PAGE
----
My car navigation uses GTD!

Krzysztof Wysocki — №13 with Graham Allcott

Defining a trip

When I define a new trip destination my car navigation immediately puts it on its Someday/Maybe list because there’s nothing more to do about it yet.

Starting an active project

When I decide to drive to one of the already defined trip destinations my car navigation moves it from the Someday/Maybe list to the Projects list and determines:

Each Next Action is determined after successful execution of the previous one and put on the @moving context list.

Using Contexts

My car navigation uses two “contexts” for its operation:

What’s really important — my car navigation focuses on one and only one Next Action at a time: providing just the very next hint. It doesn’t try to tell me the whole travel plan.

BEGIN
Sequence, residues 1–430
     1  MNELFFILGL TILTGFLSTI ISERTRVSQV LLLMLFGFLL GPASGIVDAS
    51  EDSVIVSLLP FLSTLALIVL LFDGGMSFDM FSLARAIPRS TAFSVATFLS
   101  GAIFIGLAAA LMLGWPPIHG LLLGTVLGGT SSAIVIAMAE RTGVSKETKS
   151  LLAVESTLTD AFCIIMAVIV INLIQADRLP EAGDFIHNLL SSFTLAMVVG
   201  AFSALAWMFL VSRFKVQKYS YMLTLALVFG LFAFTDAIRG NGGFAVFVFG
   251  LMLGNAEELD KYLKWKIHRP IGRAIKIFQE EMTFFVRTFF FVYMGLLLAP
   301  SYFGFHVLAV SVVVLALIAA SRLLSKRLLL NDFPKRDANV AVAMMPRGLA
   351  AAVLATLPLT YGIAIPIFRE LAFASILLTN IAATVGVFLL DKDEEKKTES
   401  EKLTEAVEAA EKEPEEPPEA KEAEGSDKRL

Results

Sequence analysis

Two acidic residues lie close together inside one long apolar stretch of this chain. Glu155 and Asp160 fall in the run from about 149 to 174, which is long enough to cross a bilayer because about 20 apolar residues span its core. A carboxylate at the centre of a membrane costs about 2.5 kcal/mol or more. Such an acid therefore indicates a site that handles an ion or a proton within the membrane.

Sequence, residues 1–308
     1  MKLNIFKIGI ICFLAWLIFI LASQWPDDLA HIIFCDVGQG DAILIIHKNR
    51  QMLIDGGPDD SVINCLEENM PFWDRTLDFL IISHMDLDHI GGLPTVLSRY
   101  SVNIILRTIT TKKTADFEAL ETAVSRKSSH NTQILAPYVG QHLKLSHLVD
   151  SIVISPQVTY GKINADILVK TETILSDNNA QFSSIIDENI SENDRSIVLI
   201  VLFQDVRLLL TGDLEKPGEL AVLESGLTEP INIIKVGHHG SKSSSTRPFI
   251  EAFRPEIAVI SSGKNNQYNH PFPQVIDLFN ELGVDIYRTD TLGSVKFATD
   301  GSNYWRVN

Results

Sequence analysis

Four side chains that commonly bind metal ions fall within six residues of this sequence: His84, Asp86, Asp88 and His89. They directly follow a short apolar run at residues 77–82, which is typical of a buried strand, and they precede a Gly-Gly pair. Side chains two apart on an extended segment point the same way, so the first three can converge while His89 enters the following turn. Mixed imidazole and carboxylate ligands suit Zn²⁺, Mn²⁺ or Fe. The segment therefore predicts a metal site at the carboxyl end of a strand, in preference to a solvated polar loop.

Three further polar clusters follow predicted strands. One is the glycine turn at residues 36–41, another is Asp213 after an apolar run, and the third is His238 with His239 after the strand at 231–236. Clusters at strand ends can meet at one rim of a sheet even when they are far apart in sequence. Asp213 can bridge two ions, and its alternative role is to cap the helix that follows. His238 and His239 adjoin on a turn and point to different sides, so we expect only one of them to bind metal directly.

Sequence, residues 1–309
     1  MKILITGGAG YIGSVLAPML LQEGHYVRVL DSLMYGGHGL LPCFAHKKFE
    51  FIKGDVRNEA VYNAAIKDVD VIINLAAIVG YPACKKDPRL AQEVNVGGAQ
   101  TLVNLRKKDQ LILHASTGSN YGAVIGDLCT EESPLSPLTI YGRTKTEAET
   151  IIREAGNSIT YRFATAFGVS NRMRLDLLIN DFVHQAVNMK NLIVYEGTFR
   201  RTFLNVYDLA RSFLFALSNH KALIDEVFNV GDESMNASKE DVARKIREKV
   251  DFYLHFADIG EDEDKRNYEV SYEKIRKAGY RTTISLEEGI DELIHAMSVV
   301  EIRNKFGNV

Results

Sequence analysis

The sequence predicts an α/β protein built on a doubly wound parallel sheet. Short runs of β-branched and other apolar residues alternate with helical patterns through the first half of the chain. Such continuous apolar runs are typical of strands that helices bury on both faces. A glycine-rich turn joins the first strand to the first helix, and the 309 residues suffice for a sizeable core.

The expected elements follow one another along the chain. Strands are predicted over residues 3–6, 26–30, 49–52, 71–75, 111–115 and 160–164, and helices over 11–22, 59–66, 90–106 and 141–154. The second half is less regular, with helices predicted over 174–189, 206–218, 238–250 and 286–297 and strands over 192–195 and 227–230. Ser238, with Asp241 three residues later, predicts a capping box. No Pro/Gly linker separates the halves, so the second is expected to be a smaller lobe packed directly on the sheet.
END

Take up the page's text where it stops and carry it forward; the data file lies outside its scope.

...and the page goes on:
When not everything goes as planned

When I don’t follow the directions (it happens from time to time) my car navigation doesn’t complain — it just creates a new plan to reach the destination as efficiently as possible and returns to the Next Action doing loop.

Getting Things Done at its best.

Isn’t it a GTD pragmatism in its crystal-clear form? I wish we all could perform GTD so easily as my car navigation does it, don’t you?

Photo: © Pincasso / Shutterstock

Krzysztof wysocki

Krzysztof Wysocki

Krzysztof Wysocki is Entrepreneur and GTD enthusiast. Founded his first startup when dinosaurs ruled the world. Worked for big, medium and small companies. After discovering GTD in 2003, he now spreads the word as the author of the popular blog “Biznes bez stresu” and “Zen To Done” summer course (in Polish).

Visit Krzysztof's blog Follow @TesTeq on Twitter